Stories of Change in Nutrition Expands Focus to Vietnam

Floating Market in Vietnam Photo: WorldFish/J.Oliver

Vietnam, with its rapidly changing population, markets, incomes, education, and more, offers a host of learning opportunities for those studying development in nutrition and other areas, there and elsewhere around the world.

After several years of growing political commitment, with more and more pledges and declarations and an increasing focus on data and on evidence, the international nutrition community has come to recognize the power of narrative. Knowledge that is practically useful needs to encompass a lot more than data and evident -- it needs to include experience. To meet this growing demand for experiential learning, Transform Nutrition developed the Stories of Change in Nutrition initiative. The goal was to systematically assess and analyze drivers of change in six high-burden countries -- Bangladesh, India (Odisha), Ethiopia, Nepal, Senegal, and Zambia -- that have had some success in accelerating improvements in nutrition. These narratives have now been captured and are available as papers, briefs, and videos. A synthesis brief, What works for Nutrition?, is now available, and summarizes the main findings and recommendations so far.

Vietnam, along with Tanzania, has now been added to this list as a country with interesting 'stories of change in nutrition' which need to be understood. Under SPEAR, A4NH's Flagship Research Program Four, ten countries have been identified as places where poverty and high burdens of malnutrition and ill health coexist.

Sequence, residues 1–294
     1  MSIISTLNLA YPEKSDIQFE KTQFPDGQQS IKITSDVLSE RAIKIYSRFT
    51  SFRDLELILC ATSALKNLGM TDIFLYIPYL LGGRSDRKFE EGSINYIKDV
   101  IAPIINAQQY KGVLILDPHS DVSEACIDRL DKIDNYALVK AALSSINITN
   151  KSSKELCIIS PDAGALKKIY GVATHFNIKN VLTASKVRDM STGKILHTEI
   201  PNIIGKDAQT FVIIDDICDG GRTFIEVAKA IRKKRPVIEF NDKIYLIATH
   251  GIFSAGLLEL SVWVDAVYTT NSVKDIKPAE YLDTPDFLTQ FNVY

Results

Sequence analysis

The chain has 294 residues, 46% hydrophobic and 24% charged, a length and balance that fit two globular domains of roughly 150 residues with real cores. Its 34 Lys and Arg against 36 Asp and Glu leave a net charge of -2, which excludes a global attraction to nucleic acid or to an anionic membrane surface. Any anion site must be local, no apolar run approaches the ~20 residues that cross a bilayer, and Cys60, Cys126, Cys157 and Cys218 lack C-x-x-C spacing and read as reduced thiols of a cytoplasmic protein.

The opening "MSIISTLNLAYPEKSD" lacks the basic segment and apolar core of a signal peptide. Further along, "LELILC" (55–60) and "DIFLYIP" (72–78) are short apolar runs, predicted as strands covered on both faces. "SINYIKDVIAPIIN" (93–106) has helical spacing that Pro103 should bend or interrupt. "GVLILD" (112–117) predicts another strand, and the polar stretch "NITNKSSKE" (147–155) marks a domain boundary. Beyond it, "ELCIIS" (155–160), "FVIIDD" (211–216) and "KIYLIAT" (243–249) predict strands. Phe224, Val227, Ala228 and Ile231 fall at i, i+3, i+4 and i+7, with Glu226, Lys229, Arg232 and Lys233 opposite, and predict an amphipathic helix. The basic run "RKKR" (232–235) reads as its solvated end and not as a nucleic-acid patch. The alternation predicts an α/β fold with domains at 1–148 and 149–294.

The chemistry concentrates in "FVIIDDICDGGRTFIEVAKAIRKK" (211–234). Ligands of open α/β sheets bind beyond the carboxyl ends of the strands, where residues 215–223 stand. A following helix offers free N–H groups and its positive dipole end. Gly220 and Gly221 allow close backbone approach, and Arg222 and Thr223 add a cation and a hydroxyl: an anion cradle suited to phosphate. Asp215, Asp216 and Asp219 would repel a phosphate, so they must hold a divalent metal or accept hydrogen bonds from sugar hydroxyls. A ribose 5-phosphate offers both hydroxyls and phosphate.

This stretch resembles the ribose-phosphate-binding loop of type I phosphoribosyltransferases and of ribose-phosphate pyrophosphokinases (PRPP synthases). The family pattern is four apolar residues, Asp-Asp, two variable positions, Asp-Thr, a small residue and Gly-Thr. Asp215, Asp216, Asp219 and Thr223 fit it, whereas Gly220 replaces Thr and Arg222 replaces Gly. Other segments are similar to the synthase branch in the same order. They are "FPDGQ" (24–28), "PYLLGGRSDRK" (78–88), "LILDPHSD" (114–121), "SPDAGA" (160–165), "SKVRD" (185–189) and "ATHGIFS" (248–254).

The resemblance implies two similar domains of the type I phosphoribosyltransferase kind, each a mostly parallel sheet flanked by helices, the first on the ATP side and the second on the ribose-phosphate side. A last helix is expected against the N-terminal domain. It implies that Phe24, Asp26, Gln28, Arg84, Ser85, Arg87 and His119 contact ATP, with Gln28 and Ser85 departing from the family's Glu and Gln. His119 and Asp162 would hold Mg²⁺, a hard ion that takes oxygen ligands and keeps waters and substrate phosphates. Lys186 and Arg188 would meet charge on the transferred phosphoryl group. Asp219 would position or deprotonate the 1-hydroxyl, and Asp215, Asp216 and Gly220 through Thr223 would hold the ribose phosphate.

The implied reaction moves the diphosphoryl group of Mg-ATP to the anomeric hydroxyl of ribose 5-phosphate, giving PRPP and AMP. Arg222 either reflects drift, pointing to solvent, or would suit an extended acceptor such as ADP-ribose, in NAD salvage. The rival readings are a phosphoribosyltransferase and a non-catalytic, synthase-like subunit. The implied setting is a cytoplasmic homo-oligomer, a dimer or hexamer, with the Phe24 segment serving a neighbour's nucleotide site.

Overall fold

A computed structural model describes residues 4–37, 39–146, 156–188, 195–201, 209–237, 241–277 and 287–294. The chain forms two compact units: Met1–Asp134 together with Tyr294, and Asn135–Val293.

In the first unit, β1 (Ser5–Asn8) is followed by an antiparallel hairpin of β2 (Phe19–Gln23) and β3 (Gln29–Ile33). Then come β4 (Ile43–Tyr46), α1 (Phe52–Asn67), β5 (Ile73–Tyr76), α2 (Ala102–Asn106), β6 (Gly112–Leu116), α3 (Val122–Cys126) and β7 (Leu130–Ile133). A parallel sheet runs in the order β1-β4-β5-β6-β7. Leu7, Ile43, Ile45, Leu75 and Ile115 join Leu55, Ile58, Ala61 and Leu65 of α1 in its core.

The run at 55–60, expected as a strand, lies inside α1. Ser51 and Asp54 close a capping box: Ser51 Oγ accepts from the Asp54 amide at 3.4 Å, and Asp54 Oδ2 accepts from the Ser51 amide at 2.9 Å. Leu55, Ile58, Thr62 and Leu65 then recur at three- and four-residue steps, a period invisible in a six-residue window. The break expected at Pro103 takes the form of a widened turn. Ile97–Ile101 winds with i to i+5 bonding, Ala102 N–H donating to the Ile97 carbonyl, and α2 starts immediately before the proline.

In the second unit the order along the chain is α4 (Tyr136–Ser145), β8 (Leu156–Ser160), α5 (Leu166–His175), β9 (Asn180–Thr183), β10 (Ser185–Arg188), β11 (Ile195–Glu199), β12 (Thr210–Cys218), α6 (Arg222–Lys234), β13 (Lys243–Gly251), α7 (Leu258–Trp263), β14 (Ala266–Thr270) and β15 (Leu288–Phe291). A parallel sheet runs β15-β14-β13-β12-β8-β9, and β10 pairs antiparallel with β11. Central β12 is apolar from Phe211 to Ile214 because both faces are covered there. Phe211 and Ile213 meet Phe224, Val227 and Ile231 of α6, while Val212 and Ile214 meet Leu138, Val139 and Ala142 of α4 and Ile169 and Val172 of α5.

The Vietnam Story of Change aims to understand the history, contemporary treatment, and future of nutrition in Vietnam, including policy and practice pertaining to both under- and over-nutrition. The totality of the research uses quantitative methods to explore trends in nutrition outcomes and drivers; and qualitative approaches to analyze trends in 'enabling environments' for nutrition. Initial stages of the research have captured trends and drivers in child stunting using large national datasets; reviewed and synthesized nutrition-related policies from a range of sectors; and undertaken a first round of interviews with key informants working in nutrition policy in Hanoi.

In 2018, researchers will use this initial data to draw out key stories of change in nutrition for Vietnam, and undertake deeper investigation of these stories through further statistical analyses and further rounds of interviews in rural and urban areas of the country. Vietnam's Stories of Change will be ready to share by the end of 2018, and the learning can be used nationally to contribute ideas on how to move forward with nutrition policy, and shared with other countries tackling similar nutrition issues. A full paper and summary brief will be available by October 2018.